Uttar Pradesh Election Result 2017: How SP, BSP, Congress missed chance to do a Bihar

The Uttar Pradesh CM seems to be desperate to create a post-poll alliance against the BJP. However, there would not have been any such need had he agreed to stitch the same alliance before the Assembly election.

It may be a fit case of late realisation of their strength. Uttar Pradesh Chief Minister Akhilesh Yadav reportedly indicated on March 9 - the day exit polls for the state Assembly elections were declared - that his Samajwadi Party was ready to join hands with Mayawati-led Bahujan Samaj Party than to see the state under President's Rule.

Akhilesh reportedly also said all "secular forces" should come together to keep the "communal" BJP away from power in case there is a hung Assembly when the result is declared on Saturday.

The Uttar Pradesh CM seems to be desperate to create a post-poll alliance against the BJP. However, there would not have been any such need had he agreed to stitch the same alliance before the Assembly election.

In fact, Rashtriya Janata Dal (RJD) supremo Lalu Prasad had made sincere efforts to create a Bihar-style 'Grand Alliance' in Uttar Pradesh. But that did not fructify. SP entered into a pre-poll alliance only with Congress and missed to create a formidable grand alliance with BSP keeping away.

Bihar Chief Minister Nitish Kumar pointed out that any grand alliance would have been possible if both SP and BSP would have come together like the JD(U) and RJD did in Bihar.


In Bihar, Janata Dal (U), RJD and Congress had come together to deal a resounding defeat to BJP in the 2015 Assembly election. SP, BSP and Congress could have done a Bihar in UP too. However, they missed the chance.

Except for the Bihar's non-BJP grand alliance, there are several similarities between the conditions of the 2015 Bihar Assembly elections and the recently-held Uttar Pradesh polls. In Bihar, this mahagathbandhan swept the polls because the caste and Muslim factors weighed heavily in its favour.

The same story could have got repeated in UP if the ruling SP, BSP and Congress had come together on a single platform. This unprecedented combination would most likely have proved invincible.


As in Bihar, BJP did not declare its chief ministerial candidate for UP. It banked upon Prime Minister Narendra Modi's magic and BJP president Amit Shah's poll management.

Nitish Kumar and Lalu Prasad had encashed on the "Baahri versus Bihari" sentiment. The same sentiment was repeated in UP when SP leaders, including Akhilesh's wife Dimple Yadav, called Modi and Shah outsiders. Even Congress president Sonia Gandhi's daughter Priyanka Vadra attacked the two top BJP leaders on that score.

As in the case of RJD in Bihar, Yadavs and Muslims form the mainstay of SP in UP. It had come back to power in 2012 with their solid backing. While Yadavs constitute 15 per cent of the state's total votes, Muslims form 18 per cent.

In the 2012 elections, SP had registered its highest vote share of 29.15 per cent of total votes polled, winning 224 of the total 403 seats.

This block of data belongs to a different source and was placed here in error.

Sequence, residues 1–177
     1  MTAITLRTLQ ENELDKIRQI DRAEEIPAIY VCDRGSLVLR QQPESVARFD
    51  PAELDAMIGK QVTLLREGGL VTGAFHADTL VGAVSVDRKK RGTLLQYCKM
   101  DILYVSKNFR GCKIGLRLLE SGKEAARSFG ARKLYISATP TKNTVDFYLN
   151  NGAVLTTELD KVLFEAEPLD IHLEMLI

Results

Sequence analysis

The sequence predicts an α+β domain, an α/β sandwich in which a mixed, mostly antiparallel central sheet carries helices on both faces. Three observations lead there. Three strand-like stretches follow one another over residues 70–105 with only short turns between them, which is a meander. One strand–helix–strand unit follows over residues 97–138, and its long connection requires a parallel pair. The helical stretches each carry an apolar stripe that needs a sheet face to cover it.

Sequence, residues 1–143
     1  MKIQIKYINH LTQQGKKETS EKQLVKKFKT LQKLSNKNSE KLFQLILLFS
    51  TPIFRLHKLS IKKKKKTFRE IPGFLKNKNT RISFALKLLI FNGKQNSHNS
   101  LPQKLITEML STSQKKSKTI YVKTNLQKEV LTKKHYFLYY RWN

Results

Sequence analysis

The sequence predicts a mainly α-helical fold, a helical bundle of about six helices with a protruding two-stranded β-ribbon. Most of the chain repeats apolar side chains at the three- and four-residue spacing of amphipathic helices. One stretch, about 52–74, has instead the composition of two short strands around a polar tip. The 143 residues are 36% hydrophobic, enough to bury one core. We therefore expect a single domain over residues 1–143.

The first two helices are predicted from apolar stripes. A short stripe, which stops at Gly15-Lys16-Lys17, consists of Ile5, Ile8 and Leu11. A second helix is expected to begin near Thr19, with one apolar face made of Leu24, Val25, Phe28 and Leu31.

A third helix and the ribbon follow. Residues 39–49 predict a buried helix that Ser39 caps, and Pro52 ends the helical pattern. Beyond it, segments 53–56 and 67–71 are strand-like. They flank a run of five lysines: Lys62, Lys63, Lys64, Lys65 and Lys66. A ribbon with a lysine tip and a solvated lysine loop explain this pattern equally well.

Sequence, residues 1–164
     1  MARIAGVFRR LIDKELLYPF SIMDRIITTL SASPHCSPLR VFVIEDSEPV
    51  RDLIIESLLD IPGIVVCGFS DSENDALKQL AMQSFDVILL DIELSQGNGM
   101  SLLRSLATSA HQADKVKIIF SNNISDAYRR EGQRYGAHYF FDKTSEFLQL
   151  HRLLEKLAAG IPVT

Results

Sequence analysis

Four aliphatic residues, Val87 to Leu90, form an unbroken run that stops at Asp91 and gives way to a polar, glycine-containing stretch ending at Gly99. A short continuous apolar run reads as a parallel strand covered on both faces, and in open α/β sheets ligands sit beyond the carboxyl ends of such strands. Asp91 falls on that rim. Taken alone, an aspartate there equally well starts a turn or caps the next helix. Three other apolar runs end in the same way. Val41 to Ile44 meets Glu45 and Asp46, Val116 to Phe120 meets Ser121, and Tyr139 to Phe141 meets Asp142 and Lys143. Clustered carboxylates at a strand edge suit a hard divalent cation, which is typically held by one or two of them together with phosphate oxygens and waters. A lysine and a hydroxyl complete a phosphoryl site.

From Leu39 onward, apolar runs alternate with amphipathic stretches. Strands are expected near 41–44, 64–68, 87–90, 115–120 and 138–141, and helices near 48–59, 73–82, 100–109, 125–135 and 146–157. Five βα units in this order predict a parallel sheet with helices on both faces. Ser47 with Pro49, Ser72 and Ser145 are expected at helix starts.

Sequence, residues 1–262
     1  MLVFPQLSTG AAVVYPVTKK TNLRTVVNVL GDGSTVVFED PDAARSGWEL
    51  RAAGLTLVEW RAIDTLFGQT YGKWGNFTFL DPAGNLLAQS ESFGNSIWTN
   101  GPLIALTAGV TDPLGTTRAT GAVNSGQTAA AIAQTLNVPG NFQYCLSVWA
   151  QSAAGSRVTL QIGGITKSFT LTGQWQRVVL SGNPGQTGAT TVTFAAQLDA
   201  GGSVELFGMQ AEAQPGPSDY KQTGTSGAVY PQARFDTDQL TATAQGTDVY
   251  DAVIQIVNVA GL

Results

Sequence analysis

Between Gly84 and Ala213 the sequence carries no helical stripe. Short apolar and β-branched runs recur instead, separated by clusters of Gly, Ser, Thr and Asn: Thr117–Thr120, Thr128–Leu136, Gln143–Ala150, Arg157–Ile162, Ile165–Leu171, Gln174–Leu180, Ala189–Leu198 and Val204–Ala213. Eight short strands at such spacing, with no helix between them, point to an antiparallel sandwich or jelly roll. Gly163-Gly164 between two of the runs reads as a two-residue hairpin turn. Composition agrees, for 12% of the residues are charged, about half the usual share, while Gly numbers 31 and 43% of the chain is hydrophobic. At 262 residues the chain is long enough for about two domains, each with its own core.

SP's traditional rival BSP had polled 25.91 per cent of the total votes cast, winning 80 seats. The Congress, which had fought elections under the leadership of Rahul Gandhi, won 28 seats, polling 11.63 per cent of votes.

On the other hand, BJP managed to win only 47 seats, polling only 15 per cent of total votes cast.

Hence, together SP, BSP and Congress could have made BJP run for its money.


SP's anti-incumbency would have been offset by the presence of BSP. The Muslim votes would not have got split. They would have gone to the grand alliance in Bihar. Brahmins and a large section of Dalits would also have chosen this mahagathbandhan over BJP.

The template had already been cast in Bihar where the Yadavs and Muslims - RJD's votebanks - polled aggressively in favour of the mahagathbandhan. In Bihar, while Yadavs constitute 14 per cent the voters, Muslims are 17 per cent. Kurmis, Bihar Chief Minister Nitish Kumar's castemen who comprise 4 per cent of the voters, too voted for the grand alliance.

The experiment was successful. The RJD and JD(U), which had fielded 101 candidates each on the total 243 constituencies, won 80 and 71 seats respectively. Congress, which fielded 41 candidates on 41 seats, won 27. Total, they won a whopping 178 of the 243 seats.

While RJD polled 18.4 per cent of the votes cast, JD(U) polled 16.8 and Congress 6.7 per cent.

On the other hand, BJP failed to match the grand alliance's combined strength. It won just 53 of the 157 seats it contested. Strike rate-wise, its performance was poorest than all the three parties of the mahagathbandhan. However, on individual level, it polled the highest percentage of votes - 24.4 per cent.

But with Mayawati deciding to stay away from any grand alliance, a Bihar redux may remain elusive. An alliance between SP and Congress, with BSP and Ajit Singh's RLD not included in it, left the field open for BJP. With BSP and SP remaining split over the question of pre-poll alliance, it may be a case of crying over split milk over forming a post-poll alliance.

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